While a few pieces, such as "Community Gargle," incorporate squealing and scraping strings into McCann‚Äôs hazy, gently churning reveries, the vast majority of his violin and guitar loops are blurred and dissolved into ghostly abstraction.That penchant for soft-focus unreality also extends to the textural field recordings that appear in the background throughout the album, which (unsurprisingly) tend to be of fountains, albeit slowed and transformed into deep, reverberating ripples.There are some notable exceptions though, like the warmly lovely "Glancing at Ships," which evokes a steady rain falling on creaking dock‚Ä¶and then gurgling waters flooding into a splintering hull.¬†That piece is unquestionably one of Fountains' individual highlights, though it is easy and perfectly reasonable to view this album as a series of variations on a single theme.Some variations just happen to be a bit more compelling than others, appearing as unexpectedly vivid oases in the languorous flow of fluttering, swaying, and vaporous bliss.The opening "It Never Entered My Mind" is another such piece, resembling a dense mass of slow-moving clouds, but with enough passing dissonance in its harmonies to offer a glimpse of something deeper and more mysterious.Elsewhere, "Stars Across The Floor" sounds like swells of E-bowed guitar that have been slowed down to the point that they feel like rivulets of water rolling down a window in a world where time has almost completely stopped.My favorite piece, however, is "The Tumblers," as McCann weaves a series of warped and undulating chords that sounds like a distressed tape fitfully playing at the wrong speed as a gorgeously warm haze of strings spreads outward from the edges.It is one of the album‚Äôs shorter pieces, but it is perfect in its concision.In fact, the entire album is quite strong and thematically focused, which gives it quite an impressively immersive cumulative power as it slowly unfolds.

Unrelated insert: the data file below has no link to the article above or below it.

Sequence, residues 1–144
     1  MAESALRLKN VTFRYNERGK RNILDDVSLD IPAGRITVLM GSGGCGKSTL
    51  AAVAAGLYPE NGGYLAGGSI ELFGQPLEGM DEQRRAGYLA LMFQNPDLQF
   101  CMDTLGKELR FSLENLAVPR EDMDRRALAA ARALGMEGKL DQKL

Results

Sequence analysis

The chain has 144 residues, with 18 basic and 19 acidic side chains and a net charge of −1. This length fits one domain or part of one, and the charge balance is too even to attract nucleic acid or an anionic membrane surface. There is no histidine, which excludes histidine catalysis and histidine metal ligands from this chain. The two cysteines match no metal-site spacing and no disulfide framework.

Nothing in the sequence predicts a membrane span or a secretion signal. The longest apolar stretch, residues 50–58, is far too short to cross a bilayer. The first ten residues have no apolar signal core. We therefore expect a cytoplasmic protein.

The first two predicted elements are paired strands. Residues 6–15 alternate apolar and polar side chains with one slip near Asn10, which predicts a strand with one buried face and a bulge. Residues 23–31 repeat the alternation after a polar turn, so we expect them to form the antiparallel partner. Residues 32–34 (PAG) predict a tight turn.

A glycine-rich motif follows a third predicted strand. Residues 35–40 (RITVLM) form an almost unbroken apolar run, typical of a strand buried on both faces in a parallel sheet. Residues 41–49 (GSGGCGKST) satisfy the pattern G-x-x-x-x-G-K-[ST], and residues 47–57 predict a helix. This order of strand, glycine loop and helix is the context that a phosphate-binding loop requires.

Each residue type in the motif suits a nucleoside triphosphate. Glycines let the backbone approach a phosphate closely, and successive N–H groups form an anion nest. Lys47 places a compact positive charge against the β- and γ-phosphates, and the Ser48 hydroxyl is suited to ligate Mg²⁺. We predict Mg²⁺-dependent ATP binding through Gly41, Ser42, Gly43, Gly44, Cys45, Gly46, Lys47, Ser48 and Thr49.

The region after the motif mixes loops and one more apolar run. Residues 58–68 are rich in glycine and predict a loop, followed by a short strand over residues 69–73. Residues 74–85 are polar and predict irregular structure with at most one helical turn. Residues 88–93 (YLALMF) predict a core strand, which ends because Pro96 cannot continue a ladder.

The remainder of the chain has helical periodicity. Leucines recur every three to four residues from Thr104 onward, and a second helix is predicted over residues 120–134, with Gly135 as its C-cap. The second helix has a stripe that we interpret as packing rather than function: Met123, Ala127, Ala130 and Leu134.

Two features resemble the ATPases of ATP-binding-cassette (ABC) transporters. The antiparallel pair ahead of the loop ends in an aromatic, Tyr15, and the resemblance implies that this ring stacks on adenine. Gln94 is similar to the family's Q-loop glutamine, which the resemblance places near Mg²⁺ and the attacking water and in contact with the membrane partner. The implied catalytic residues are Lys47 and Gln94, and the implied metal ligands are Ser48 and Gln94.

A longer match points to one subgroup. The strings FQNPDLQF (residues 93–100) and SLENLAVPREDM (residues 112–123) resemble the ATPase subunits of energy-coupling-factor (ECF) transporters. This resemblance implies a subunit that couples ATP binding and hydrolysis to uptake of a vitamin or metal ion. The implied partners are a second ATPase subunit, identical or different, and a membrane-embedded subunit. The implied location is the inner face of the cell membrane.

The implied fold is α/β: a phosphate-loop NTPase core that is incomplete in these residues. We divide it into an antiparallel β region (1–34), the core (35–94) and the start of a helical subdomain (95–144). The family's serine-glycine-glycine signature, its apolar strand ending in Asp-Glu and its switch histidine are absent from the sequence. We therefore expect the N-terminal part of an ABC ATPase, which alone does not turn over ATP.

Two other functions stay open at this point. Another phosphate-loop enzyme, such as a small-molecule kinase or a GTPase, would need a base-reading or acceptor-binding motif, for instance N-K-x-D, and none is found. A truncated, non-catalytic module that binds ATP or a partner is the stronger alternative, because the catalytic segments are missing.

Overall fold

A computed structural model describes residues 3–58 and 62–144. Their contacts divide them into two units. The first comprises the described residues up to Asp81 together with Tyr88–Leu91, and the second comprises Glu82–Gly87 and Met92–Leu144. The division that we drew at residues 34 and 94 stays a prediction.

I would like say that it is remarkable that such a wonderful and deeply absorbing album languished in obscurity for so long, but the world is full of great music that never found a suitably influential advocate or had a chance to reach the right ears.Consequently, it is a delight when someone like David Perron comes along to belatedly right a historical injustice and bring an opus like Fountains to a larger audience.It certainly deserves it.That said, I can understand why McCann is generally quite reticent about keeping his early work available, as those old tapes and CDRs are so divergent from his current work that they seem like a different artist altogether.The Sean McCann of 2018 is an orchestral composer with a deep fascination for sound-poetry and 20th century avant-garde movements like Fluxus, so it makes sense that he might view his early eruption of cassette work as comparatively unsophisticated and derivative.It is true he was a representative part of a milieu back in those days.However, it is also true that an enormous amount of great music emerged from that (second) heyday of the cassette scene and McCann was responsible for some of its finest moments.I suspect only McCann himself truly knows whether or not Fountains stands among the best work from that phase of his evolution, but I am unaware of any other secret attempts on his part to craft a career-defining epic of gorgeously bleary ambient heaven, so there is a good chance that this was a one-of-a-kind tour de force.If it was not, it at least feels like one.